The Solar Compass at Thompson Rivers University (TRU) had its Grand Opening on November 2, a very snowy day in Kamloops. The Solar Compass and the nearby Solar Sidewalk are flagship projects, the first of this kind in Canada. Project lead Dr. Michael Mehta was joined by our major partners, TRU and Solar Earth Technologies (SET), along with other local partners and many of the 30-plus members of the project team.
The Solar Compass shows that we can embed energy generation into everyday things, like the pavement that we walk on. For Dr. Mehta, “These arrays put solar technologies front and centre in highly visible locations where thousands of people will walk over them each year. As a result, this should help usher in a new era where solar becomes demystified and embraced as a viable and aesthetically pleasing option for generating renewable energy.
” While the installation is done, this is only the beginning. There will be much to learn from this first-of-its-kind technology. The panels themselves are durable with a textured surface to minimize slipping, yet they also need to be transparent to sunlight. We are hopeful that they will generate as much energy as expected, given obvious challenges such as the panels being flat on the pavement (as opposed to being oriented to the south,) and various shadows of trees and people moving across the panels throughout the day. Snow, water and dirt can also affect their efficiency. All of this will be tracked and studied by faculty, students and SET to see if the concept is worth pursuing and what kinds of improvements can be made.
This multidisciplinary project had its beginning back in 2015 when Mehta and Dr. Jason Wang of SET recognized the potential for a partnership between SET and TRU. SET decided it could do its first pilot of the panels in an environment that has lots of sunshine, temperature extremes and the support of a university. For TRU, the project greatly enhances the university’s mission to be technologically advanced and is an inspiration for its students and for other education hubs and institutions throughout Canada and abroad.
With a team of faculty, staff, students, project partners and other volunteers, Mehta developed an application and eventually received a grant of $30,000 from TRU’s Sustainability Grant Program. SET committed to donating panels to the project.
Our technical people shared their expertise in the funding application and all through the design and installation of this revolutionary project. Ben Giudici, an electrical engineer with Riverside Energy Systems, made sure these unique solar modules could be properly integrated with conventional solar equipment to safely deliver electricity into the campus electrical system. He is also securing Net-Metering approvals from BC Hydro to allow parallel operation of the Solar Compass with the electrical grid. As Giudici said with a smile, “Nothing about this project has been routine.”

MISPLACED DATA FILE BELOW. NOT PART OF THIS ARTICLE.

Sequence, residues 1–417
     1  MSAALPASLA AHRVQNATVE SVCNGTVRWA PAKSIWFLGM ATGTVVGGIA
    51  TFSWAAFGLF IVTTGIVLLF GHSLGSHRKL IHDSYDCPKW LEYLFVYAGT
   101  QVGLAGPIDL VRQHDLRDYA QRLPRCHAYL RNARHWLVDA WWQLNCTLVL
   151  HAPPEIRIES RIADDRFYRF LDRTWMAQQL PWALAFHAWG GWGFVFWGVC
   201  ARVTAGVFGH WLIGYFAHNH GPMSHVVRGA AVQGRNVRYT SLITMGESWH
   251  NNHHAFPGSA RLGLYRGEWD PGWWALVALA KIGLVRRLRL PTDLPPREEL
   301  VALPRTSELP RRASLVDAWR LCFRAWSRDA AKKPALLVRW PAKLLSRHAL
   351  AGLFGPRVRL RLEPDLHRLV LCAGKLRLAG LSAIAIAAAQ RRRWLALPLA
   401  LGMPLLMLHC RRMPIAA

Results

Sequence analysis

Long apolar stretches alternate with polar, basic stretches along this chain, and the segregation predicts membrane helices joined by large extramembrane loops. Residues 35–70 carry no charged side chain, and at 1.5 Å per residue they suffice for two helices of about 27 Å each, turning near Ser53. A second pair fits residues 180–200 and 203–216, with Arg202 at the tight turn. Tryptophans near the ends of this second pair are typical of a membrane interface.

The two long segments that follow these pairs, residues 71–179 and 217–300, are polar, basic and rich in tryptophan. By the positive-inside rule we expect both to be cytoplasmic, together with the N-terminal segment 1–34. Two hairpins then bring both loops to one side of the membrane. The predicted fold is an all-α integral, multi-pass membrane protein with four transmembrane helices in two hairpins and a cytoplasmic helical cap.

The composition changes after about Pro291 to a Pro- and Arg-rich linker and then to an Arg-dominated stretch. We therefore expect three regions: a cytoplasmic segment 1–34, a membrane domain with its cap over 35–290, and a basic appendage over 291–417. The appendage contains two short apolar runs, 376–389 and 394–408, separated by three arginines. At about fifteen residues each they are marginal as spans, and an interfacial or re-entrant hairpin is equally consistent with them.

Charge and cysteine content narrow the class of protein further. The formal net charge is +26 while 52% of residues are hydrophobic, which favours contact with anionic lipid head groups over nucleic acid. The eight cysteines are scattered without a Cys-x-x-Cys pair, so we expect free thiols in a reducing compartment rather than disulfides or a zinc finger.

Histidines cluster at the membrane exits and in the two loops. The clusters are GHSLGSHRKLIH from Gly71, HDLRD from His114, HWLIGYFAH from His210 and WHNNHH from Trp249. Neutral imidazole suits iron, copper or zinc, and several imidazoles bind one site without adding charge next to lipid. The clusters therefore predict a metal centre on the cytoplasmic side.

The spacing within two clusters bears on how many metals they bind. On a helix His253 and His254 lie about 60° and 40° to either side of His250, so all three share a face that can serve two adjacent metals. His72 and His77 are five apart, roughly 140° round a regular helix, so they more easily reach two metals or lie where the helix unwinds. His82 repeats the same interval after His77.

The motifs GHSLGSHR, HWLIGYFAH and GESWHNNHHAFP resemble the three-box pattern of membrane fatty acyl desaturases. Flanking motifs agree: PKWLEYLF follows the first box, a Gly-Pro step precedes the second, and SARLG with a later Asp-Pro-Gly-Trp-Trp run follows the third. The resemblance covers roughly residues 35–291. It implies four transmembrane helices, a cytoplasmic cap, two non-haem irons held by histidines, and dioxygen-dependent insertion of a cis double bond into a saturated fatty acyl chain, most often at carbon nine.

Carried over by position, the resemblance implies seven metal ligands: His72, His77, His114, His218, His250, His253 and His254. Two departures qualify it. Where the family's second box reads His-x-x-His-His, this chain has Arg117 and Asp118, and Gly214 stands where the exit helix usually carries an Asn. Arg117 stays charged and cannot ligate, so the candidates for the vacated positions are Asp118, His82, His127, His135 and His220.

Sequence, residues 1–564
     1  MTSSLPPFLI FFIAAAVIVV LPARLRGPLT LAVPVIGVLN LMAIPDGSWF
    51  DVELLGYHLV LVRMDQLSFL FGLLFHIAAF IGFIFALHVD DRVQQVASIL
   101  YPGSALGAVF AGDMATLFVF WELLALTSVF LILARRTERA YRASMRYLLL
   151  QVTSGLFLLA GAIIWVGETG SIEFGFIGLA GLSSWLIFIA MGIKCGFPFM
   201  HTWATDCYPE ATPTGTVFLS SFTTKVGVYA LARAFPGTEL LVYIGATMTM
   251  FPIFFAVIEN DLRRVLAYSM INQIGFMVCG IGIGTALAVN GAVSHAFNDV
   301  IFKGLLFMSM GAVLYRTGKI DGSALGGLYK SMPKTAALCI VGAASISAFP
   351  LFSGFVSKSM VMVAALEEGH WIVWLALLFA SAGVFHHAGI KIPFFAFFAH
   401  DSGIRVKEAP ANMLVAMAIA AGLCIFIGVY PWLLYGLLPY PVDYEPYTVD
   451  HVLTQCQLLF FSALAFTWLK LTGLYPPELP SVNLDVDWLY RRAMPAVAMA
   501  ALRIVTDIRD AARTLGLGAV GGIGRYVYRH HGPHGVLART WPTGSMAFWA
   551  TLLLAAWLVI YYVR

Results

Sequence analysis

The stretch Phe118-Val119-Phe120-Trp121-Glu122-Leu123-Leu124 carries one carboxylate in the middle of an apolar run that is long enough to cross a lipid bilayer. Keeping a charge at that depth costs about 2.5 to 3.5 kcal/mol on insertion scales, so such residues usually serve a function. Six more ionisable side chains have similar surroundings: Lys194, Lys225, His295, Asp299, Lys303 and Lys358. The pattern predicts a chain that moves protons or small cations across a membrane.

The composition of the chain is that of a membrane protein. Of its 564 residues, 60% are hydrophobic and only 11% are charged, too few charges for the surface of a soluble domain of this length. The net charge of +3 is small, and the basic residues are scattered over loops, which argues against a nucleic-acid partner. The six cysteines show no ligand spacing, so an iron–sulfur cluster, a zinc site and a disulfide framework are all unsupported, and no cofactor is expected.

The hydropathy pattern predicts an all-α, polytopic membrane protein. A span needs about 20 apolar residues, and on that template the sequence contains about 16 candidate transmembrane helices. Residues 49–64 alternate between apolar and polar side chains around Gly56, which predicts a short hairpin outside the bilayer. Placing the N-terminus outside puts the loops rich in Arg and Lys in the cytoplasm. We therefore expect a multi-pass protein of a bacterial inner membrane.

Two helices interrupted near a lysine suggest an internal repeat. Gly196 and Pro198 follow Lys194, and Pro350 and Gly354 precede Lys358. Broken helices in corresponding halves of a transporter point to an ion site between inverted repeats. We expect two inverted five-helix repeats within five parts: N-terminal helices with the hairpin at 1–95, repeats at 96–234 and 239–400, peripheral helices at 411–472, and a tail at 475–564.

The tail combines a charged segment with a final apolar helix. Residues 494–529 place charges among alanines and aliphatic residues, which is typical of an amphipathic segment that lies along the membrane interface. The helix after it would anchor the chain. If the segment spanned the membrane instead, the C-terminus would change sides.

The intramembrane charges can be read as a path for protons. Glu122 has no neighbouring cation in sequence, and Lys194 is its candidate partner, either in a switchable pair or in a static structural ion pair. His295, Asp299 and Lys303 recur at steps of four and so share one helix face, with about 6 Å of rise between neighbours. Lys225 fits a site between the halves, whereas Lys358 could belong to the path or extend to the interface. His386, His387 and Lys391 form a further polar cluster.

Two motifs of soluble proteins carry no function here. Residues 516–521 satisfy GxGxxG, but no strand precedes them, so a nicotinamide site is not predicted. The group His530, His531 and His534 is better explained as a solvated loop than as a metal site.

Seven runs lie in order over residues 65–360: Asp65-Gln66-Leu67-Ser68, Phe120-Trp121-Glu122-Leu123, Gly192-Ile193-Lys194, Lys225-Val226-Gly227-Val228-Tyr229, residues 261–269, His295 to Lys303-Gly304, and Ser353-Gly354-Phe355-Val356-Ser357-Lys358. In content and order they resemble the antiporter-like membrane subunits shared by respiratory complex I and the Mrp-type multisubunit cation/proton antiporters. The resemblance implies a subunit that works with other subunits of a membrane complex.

Brock Nanson of Certes Applied and Natural Sciences Ltd. contributed his engineering knowledge to ensure that foundation, drainage and materials would work out. He was aided by Dr. James Gu of TRU in this role. Amie Schellenberg (TRU faculty member) and her crew did the electrical installation and much more. All of these professional people contributed many hours of pro bono work.
Amie Schellenberg, her daughter and Dr. Mehta at the Grand Opening.
Photo credit James Gordon.
The BC Sustainable Energy Association (BCSEA) became the project’s community partner. Cheryl Kabloona of the BCSEA’s Kamloops Chapter took on much of the project’s social media and other communications. With support from the BCSEA head office, thousands throughout British Columbia have learned about the project.
See the Solar Compass blog for many others who have contributed to the Solar Compass: http://solarcompass.blogspot.ca/2017/11/thank-you-to-all-our-donors-volu.... We also give a big thank you to Dr. Mehta, the mastermind who guided this project through to completion with his technical knowledge and dedication to teaching and research.
With solar pathways module, (L to R) Oliver Zimmermann, Greg Lambertus,
Ben Giudici and Jason Wang. Photo credit Daniela Ginta.
There were many challenges over the two years. We were delayed while SET developed a better, second-generation solar module. It took time to get third-party certification and BC Hydro’s confirmation that the product met interconnection requirements. We struggled with different ways to attach the panels to the walking surface. But no one gave up.
By the summer of 2017 the team realized that it would be smart to do a small-scale prototype to test the installation methodology. This resulted in the Solar Sidewalk, 16 modules in the sidewalk by the university’s daycare centre. That went well and the installation of the main Solar Compass followed at its location in front of the Arts and Education Building. Trades students and other volunteers did much of the work. The 62 module array was completed in October and it is rated at 4.96 kW DC. Both of these will be connected into the BC Hydro electricity grid after the final electrical inspection. Signs will soon be in place to tell visitors about the Solar Sidewalk and Solar Compass.
We’re very grateful to the many people who contributed their time and energy to make the Solar Compass a reality. This innovative project has come to life thanks to a deep-set belief in a better, sustainable future and a multi-disciplinary approach which involved collaboration, research and experimentation, and, of course, pro bono and volunteer effort over many months. It looks like we’ve made history together!